I practiced horticulture and landscape irrigation while attending college. I continued to learn the ins and outs of running a landscape maintenance business as a supervisor. With 16 years of experience in this area I needed a new challenge. For six years I was the golf course irrigation sales and service rep for the San Diego area for the second largest national wholesale distributor.

In the last 3 years, I have been working with water districts, landscape contractors, municipalities and landscape architects on improving irrigation distribution uniformity and teaching better water management practices, as well as teaching how to conserve our most valuable resource, water.

If you would like some water saving tips or ideas please contact me or visit me at the Grangetto’s Escondido Commercial location. I could help you so that we can all make a difference and start saving water right now.

The Benefits of Frost Cloth

Using frost cloth can mean the difference between life and death this time of year. Maybe you're trying to squeeze in (and keep the bunnies away from) some lettuce before the really bad weather sets in. Or maybe that prized plant will only take temperatures down to 35°. Whatever the case, having a good supply of frost cloth--also sometimes called a "row cover"--is a must.

Frost cloths can generally be found cut to several different widths and lengths, and woven into varying weights. Obviously, the thicker the fabric, the more protection provided. Some cloths advertise plant protection down to 20º, if applied correctly.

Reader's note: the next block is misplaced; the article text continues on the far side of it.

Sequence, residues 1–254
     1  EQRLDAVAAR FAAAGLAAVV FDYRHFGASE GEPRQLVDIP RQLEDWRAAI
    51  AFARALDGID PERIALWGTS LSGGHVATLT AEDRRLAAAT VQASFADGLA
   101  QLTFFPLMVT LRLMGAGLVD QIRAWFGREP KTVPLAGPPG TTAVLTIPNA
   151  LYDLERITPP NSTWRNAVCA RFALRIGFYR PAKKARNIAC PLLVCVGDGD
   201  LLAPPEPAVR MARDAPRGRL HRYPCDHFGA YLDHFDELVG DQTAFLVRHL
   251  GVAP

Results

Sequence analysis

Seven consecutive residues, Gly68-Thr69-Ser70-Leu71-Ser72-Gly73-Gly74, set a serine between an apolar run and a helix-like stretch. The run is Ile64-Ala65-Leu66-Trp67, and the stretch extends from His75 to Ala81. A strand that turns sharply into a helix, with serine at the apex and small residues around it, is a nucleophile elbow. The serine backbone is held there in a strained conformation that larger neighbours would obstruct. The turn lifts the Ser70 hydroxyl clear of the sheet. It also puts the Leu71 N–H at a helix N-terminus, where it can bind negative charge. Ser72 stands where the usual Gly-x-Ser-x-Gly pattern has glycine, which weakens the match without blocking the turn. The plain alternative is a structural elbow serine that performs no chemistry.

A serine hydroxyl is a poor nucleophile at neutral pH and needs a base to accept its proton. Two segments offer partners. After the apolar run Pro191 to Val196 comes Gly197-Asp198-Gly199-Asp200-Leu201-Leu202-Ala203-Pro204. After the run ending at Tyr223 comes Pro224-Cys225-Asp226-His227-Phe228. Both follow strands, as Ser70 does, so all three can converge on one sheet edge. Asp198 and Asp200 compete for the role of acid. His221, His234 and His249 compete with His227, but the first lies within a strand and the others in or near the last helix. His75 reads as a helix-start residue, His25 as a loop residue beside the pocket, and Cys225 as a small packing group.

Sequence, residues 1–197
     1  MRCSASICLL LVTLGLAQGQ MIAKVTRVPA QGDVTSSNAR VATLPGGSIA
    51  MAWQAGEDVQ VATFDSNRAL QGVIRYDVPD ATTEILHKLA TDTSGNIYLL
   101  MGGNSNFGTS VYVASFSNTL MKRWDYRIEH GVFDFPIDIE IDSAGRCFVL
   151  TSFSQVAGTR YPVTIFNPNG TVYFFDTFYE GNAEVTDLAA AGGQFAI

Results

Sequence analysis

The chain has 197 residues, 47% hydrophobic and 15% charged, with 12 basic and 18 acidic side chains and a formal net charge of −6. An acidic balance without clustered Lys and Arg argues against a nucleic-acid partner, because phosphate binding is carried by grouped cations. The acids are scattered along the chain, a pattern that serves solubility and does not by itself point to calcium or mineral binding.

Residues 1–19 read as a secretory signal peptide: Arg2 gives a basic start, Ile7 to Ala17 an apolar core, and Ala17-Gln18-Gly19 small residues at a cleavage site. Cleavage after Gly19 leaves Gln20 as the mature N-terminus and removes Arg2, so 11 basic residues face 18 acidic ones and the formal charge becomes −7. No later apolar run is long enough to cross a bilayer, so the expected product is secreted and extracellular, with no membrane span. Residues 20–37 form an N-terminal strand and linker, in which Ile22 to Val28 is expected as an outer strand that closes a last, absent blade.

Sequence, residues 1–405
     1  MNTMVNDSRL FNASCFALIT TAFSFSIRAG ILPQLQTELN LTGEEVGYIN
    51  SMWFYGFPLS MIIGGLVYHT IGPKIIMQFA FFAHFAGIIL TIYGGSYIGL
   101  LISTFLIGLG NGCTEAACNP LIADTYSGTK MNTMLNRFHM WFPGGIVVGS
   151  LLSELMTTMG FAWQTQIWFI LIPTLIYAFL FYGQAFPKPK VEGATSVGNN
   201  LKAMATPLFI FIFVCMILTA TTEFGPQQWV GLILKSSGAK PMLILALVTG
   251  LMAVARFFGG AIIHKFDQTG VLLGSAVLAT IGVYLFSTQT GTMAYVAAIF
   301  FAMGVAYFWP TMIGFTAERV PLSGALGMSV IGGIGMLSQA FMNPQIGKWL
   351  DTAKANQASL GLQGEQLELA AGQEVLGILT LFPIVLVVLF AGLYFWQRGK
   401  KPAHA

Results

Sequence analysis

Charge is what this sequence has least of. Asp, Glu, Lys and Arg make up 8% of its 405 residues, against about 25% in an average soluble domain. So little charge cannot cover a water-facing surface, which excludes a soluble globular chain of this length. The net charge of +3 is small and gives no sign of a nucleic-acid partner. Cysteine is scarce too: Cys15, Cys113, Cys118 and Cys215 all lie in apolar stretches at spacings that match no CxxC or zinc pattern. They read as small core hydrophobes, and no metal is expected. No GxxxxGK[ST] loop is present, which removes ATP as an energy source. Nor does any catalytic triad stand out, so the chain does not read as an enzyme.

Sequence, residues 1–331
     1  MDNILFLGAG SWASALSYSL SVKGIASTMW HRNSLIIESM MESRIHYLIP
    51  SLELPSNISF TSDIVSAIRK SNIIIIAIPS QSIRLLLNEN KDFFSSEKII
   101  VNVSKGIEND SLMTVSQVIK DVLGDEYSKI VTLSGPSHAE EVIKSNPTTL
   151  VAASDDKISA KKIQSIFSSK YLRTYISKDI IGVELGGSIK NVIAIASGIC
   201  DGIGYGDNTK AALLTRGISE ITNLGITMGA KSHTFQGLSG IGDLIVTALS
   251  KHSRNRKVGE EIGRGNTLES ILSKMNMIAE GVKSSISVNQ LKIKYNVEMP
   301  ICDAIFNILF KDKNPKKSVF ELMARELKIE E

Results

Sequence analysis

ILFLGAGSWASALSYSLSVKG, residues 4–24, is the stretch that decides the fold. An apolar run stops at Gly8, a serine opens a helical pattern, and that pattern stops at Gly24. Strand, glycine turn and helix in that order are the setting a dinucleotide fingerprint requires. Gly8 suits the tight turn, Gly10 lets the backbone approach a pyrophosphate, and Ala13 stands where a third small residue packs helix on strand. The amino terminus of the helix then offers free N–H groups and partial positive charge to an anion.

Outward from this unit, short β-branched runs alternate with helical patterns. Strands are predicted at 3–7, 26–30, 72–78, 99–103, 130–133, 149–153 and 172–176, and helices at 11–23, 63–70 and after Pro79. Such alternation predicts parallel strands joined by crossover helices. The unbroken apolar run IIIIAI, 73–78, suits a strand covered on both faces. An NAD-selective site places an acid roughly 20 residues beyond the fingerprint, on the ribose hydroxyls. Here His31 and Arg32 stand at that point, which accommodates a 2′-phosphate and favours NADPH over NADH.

So, what are the advantages of using a frost cloth instead of a plain old blanket or plastic sheet? Most important, frost cloth allows both light and water to penetrate, instead of the fabric just getting soaking wet and heavy. Also, frost cloth is more breathable. If temperatures warm up during the day following the cold and you've left the cloth on, chances are your plants won't get cooked, as opposed to what could happen with plastic or cotton sheeting.

While you can just "float" the row cover directly on top of plants, the best set-up is to install hoops or some other support for the frost cloth, making sure it is tall enough to not allow the cloth to touch the plants. Then, drape the cloth over the support and secure it on all sides and at the base, so that the warmth of the ground rises and is trapped around the plants. Office supply-type binder clips, spring clamps, and u-pins all work well for securing the cloth to your chosen support and to the ground